How Design Marketplaces can Mitigate the Effects of Natural Disasters
by Greg Balondo
Approximately 45,000 people globally die from natural disasters each year. This represents around 0.1% of global deaths. Indeed, natural disasters are one of the most significant risks to human life and property. In recent years, the frequency of these events has increased due to climate change and growing urbanization. Natural disasters cause extensive damage to buildings, infrastructure, agriculture, and ecosystems. As such, there is a need for improved disaster resilience among communities and businesses to minimize their impact on people’s lives and livelihoods.
Access to well-designed infrastructure by the world’s best architects, engineers, and placemakers becomes necessary to combat the effects of climate change and natural disasters. Online marketplaces can provide the solution to make design available to vulnerable communities worldwide.
In a design marketplace, architects can post their design solutions for sale by uploading the 3D version of their works on the website. Clients can directly buy these designs from their storefronts, and builders can then generate construction drawings based on these digital assets.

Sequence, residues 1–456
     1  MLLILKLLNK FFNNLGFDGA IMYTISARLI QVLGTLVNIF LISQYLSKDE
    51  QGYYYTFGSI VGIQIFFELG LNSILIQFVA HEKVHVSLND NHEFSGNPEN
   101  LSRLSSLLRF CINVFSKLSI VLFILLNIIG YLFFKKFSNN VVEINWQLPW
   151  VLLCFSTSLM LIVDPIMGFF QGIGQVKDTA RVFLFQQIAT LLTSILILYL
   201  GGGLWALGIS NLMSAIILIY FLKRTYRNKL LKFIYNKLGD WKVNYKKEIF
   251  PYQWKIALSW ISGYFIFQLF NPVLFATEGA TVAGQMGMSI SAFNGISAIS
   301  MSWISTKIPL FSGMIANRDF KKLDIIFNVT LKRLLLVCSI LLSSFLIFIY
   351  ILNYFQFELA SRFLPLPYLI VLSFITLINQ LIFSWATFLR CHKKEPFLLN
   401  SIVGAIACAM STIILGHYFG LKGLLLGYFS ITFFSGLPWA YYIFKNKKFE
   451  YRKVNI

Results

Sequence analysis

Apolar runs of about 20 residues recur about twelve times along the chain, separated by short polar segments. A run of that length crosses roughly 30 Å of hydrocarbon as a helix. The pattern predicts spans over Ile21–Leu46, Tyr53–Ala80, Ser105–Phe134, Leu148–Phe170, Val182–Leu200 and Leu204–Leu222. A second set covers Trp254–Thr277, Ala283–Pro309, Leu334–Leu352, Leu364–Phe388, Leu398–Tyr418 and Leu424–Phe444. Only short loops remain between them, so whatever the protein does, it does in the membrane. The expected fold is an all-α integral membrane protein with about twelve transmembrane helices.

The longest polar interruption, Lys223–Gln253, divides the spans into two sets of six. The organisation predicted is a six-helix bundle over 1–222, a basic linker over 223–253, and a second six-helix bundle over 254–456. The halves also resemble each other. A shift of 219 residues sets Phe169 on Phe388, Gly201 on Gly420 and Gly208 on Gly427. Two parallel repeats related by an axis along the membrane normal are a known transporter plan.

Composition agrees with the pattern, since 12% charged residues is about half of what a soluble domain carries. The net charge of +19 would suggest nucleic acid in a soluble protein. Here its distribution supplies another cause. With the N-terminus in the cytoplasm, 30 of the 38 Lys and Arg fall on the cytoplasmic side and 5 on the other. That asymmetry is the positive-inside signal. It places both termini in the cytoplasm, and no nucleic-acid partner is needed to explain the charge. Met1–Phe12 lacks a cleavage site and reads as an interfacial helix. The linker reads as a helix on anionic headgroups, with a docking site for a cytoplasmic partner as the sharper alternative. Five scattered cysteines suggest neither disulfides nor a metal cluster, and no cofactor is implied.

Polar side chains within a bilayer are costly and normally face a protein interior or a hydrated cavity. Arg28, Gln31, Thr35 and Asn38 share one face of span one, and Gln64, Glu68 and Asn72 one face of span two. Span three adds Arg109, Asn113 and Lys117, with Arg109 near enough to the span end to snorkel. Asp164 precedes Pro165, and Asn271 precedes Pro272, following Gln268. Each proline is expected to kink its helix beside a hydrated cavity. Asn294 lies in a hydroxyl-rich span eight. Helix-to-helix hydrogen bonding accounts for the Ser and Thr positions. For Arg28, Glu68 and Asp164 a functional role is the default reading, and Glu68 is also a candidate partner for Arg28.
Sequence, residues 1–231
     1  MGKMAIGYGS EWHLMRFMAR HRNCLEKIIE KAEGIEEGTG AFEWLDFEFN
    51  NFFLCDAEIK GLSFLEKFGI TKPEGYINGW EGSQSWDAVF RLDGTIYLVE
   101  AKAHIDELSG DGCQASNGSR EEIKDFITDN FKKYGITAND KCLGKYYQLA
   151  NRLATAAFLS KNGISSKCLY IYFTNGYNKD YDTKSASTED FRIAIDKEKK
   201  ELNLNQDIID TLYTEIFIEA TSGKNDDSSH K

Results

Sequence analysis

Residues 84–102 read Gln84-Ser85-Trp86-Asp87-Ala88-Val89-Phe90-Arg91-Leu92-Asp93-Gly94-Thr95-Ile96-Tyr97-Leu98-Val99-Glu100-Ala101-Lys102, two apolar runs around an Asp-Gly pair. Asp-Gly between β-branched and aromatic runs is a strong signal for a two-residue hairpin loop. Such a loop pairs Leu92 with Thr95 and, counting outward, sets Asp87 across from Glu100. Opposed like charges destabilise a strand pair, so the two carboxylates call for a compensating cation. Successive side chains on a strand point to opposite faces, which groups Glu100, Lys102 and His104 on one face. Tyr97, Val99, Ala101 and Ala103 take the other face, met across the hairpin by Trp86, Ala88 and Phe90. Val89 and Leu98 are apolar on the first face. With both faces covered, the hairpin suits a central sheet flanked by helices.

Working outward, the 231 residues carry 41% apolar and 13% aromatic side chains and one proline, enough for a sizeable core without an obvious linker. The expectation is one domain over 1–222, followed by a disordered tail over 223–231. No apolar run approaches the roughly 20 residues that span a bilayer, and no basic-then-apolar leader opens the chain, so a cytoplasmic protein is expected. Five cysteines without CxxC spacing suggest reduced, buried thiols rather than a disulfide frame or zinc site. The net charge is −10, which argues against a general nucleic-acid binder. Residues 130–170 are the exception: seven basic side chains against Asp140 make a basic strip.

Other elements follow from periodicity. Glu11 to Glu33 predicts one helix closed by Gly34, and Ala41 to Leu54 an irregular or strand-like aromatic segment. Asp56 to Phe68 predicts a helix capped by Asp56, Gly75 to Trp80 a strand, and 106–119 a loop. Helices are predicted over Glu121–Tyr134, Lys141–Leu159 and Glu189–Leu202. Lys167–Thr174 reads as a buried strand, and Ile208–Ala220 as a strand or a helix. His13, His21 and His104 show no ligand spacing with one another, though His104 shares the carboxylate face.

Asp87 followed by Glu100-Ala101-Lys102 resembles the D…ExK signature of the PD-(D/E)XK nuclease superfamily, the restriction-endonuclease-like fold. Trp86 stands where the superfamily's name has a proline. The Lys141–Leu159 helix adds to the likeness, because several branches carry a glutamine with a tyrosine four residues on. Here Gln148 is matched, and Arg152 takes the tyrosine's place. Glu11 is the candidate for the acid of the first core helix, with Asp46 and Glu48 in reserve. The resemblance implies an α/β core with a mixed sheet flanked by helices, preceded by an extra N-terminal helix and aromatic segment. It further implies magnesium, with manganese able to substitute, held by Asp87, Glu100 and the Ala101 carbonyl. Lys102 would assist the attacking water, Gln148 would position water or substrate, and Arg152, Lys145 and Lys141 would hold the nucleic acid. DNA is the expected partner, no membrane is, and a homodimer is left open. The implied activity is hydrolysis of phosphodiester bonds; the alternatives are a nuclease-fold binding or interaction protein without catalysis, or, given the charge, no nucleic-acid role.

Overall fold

Blockchains and smart contracts add a layer of ownership to these designs so that clients don’t have to print documents or certificates of ownership, making the process sustainable. They can even sell the assets back to the marketplace if they change their minds. Architects and designers will earn royalty payments every time their works are sold.
As we look ahead, it is clear that the need for better disaster resilience will continue to grow. We have learned that there are many ways in which design can play an essential role in providing resilient infrastructure, and these design marketplaces will only become more vital as they develop over time. Providing various architectural and engineering solutions to our people through a design marketplace will simplify our tasks in mitigating the effects of natural disasters. Making expert infrastructure advice available from various disciplines and providing access to their technologies should become a standard protocol for providing comfortable living for everyone.